Vinification is the process that transforms the grapes into wine. The process of vinification differ from region to region, financial state of the winery and the grape types. The harvesting time and the type of oak used for aging are based on the region in which the wine grapes are grown.

Wine making process involves the following stages:

  • The first step in wine making process is Harvesting or Picking. Grapes should be harvested at the right time in order to make good wine. Harvesting can be done either mechanically or by hand.
  • The process of separating the grapes from the stems and cluster parts is called Destemming. Some of the wine makers keep some fragments of the stem to increase the wine tannin.
  • After destemming the grapes are crushed to extract the juice from the skin. This is done before the fermentation process begins. In the olden days bare feet is used to extract the grape juice, now a day machines like crushers are used.
  • Separation of grape juice and the skin is named as pressing. After crushing the grape juice will flow freely, selected wineries use pressers to make sure maximum juice is released.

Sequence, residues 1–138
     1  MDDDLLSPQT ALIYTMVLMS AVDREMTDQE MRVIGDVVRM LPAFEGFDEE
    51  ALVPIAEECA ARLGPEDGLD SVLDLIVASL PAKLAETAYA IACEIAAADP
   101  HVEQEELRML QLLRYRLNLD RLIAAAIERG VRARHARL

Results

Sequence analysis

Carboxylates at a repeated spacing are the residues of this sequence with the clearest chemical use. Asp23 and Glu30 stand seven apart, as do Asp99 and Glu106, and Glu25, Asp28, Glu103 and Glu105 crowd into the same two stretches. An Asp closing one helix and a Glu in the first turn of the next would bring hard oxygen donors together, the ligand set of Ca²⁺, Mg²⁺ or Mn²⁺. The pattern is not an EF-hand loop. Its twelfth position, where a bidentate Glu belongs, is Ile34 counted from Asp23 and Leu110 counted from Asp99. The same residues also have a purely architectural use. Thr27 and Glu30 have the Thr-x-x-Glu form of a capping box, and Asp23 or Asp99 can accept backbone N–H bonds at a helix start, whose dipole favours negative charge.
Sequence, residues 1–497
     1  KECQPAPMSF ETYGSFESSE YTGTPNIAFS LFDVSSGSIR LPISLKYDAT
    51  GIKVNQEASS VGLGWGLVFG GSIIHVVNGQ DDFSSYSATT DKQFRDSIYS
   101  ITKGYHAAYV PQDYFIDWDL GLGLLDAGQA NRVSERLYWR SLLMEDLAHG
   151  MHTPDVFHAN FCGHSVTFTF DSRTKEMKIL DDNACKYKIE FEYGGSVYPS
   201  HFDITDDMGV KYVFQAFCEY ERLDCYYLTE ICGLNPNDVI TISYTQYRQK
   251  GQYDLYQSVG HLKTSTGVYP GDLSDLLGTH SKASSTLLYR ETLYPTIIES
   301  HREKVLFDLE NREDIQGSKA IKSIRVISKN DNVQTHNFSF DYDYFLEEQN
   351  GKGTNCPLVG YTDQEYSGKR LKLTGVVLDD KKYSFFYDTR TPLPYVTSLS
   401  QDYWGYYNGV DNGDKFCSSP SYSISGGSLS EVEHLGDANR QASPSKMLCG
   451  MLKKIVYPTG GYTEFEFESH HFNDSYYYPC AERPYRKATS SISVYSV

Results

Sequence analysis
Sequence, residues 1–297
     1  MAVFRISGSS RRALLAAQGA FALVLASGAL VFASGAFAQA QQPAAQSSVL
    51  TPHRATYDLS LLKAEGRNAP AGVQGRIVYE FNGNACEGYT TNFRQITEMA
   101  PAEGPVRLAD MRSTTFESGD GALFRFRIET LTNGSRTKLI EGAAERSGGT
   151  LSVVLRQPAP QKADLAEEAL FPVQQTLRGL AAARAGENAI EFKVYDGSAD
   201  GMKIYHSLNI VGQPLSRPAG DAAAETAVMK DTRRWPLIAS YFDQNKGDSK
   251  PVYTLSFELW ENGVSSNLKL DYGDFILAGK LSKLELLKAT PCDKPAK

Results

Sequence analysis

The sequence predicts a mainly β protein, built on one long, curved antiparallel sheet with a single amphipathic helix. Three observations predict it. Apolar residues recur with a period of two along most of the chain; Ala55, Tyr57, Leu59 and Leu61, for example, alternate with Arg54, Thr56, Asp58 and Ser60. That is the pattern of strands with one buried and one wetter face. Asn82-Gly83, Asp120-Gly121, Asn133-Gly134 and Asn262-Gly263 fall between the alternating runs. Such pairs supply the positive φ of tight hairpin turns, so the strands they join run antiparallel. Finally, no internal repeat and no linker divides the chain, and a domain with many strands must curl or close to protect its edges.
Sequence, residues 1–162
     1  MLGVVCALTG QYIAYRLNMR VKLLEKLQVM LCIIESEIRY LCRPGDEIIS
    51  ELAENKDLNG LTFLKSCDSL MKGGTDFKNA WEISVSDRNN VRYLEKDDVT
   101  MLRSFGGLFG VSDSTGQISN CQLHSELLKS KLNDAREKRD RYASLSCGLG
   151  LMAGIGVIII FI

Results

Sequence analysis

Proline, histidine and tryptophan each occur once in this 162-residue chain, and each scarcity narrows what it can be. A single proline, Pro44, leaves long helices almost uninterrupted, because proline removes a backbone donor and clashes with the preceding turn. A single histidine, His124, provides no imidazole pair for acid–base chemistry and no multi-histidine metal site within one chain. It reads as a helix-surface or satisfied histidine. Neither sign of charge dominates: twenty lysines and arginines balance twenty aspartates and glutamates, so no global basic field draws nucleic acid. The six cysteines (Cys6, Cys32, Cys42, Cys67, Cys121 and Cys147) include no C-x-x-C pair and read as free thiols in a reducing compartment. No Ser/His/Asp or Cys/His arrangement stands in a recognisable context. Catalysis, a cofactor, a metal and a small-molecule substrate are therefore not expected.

• Once the grapes are pressed they are introduced into the process of fermentation. During this process the grape juice are converted into alcoholic beverage. The yeast interacts with the sugar in the grape juice and converts them into ethanol and carbon dioxide.
  • Once the wine is purified and refined, they are preserved with sulfur dioxide or potassium sorbate. During the natural process of fermentation a minimum amount of sulfites are produced, but more is added for the use of commercial preservation.
  • Wines are aged for a particular amount of time to get more welcoming wine. Once after purification, the wines are moved to wooden barrels for aging. Metal vats, concrete vats and glass carboys are also used in some cases to increase the flavor.